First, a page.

alpha = 0.05, target power = 0.8
    BE margins = 0.8 ... 1.25
    Ratio = 0.95 with 22 df
    CV = 0.25 with 22 df

    Sample size (ntotal)
     n   exp. power
    48   0.801190
As usual, the T/R-ratio is the killer.

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Achievwin
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US,
2024-05-06 16:49
(43 d 01:47 ago)

@ Helmut
Posting: # 23985
Views: 1,202
 

 Probability of Success in BE studies

❝ Not sure whether I understand you correctly. POS is a Bayesian concept, where you need some prior information.


I am sorry I am equally confused in this example where do we find POS? what all I see is Sample size and anticipated power with certain N.

How come we have three different N with same assumptions?

❝ As usual, the T/R-ratio is the killer.


----- :-D:-D Thanks for reiterating my thought all along many of my colleagues are having issue in understanding T/R is main culprit than ISCV in Sample size estimates.

Please edcuate me on how to connect Power with POS?


Edit: Full quote removed. Please delete everything from the text of the original poster which is not necessary in understanding your answer; see also this post #5[Helmut]
d_labes
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Berlin, Germany,
2024-05-06 17:16
(43 d 01:20 ago)

@ Achievwin
Posting: # 23986
Views: 1,191
 

 Probability of Success in BE studies

Hi Achievwin,

❝ I am sorry I am equally confused in this example where do we find POS? what all I see is Sample size and anticipated power with certain N.


What you see is sample size and expected power!
Expected power is synonym with Probability of success. Sometimes also called assurance.

If you have need consult the file 'Expected_Power_for_TOST.pdf' in the docs folder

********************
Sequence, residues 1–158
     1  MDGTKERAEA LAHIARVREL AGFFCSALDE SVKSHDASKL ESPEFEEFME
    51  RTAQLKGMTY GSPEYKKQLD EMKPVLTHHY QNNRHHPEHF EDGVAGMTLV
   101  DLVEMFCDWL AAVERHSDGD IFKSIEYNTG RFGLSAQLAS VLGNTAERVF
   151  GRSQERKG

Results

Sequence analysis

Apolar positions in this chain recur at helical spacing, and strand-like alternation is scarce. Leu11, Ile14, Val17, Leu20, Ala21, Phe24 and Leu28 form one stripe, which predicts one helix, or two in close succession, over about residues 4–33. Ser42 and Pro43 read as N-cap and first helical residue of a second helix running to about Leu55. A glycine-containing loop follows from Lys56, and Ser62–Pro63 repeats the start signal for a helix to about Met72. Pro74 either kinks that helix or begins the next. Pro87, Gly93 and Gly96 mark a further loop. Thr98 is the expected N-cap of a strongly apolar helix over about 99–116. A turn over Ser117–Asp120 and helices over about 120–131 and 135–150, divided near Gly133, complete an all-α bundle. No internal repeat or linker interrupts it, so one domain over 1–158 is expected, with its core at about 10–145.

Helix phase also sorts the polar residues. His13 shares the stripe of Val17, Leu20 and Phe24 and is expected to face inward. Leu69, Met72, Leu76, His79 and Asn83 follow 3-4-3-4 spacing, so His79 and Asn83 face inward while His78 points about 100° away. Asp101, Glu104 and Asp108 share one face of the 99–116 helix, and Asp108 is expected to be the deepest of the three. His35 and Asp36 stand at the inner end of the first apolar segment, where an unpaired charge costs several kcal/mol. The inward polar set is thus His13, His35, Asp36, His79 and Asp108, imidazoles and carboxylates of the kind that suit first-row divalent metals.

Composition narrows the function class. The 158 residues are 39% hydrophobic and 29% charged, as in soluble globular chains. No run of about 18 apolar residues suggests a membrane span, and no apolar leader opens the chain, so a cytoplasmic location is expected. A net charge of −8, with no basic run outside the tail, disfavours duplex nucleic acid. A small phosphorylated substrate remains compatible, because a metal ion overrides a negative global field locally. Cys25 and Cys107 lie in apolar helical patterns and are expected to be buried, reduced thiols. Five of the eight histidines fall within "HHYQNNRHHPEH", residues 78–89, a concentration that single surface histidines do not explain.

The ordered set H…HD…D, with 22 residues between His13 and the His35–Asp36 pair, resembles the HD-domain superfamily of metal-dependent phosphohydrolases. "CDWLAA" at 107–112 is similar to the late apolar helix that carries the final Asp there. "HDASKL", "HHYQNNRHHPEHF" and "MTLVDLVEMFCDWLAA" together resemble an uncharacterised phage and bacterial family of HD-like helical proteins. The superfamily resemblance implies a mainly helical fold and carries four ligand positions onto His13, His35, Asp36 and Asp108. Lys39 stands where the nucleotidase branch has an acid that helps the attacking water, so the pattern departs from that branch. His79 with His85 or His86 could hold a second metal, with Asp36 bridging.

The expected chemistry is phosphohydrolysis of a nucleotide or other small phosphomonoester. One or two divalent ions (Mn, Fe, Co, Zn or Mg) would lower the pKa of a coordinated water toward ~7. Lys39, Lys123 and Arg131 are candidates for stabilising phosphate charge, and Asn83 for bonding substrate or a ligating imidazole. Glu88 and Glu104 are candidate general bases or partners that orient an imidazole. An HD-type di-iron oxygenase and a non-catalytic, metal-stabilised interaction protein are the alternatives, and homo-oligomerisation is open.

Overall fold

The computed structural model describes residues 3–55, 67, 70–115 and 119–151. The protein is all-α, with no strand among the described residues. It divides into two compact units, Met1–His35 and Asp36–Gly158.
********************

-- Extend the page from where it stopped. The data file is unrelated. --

(c:\Program Files\R\library\PowerTOST\doc\ for my installation) of the package PowerTOST. Its a little bit theoretic and mainly mathematical but describes in a comprehensive manner what expected power is and how it will be calculated.

Regards,

Detlew
Achievwin
★    

US,
2024-05-06 17:31
(43 d 01:05 ago)

@ d_labes
Posting: # 23988
Views: 1,177
 

 Probability of Success in BE studies

Thank you for the take home message

Expected power is synonym with Probability of success. Sometimes also called assurance.

Helmut
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Vienna, Austria,
2024-05-06 17:31
(43 d 01:06 ago)

@ Achievwin
Posting: # 23987
Views: 1,178
 

 Assumptions (plural)

Hi Achievwin,

❝ How come we have three different N with same assumptions?

As outlined above, you can make three different assumptions.
  1. Uncertain CV → n = 28
  2. Uncertain T/R-ratio → n = 44
  3. Uncertain CV and uncertain T/R-ratio → n = 48
As always with Bayesian methods, the Prior is important. Play with my example and change the size of the pilot study (i.e., the value m). The smaller, the larger the sample size of the next. There­fore, small pilot studies are not a good idea. It may sound stupid, but the best for sample size estimation is a failed pivotal study… :-D

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Achievwin
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US,
2024-05-06 17:51
(43 d 00:45 ago)

@ Helmut
Posting: # 23989
Views: 1,177
 

 Assumptions (plural)

❝ ❝ How come we have three different N with assumptions?

❝ … three assumptions,

❝   1. Uncertain CV → n = 28

❝   2. Uncertain T/R-ratio → n = 44

❝   3. Uncertain CV and uncertain T/R-ratio → n = 48


Thank you Helmut.... now even I can understand......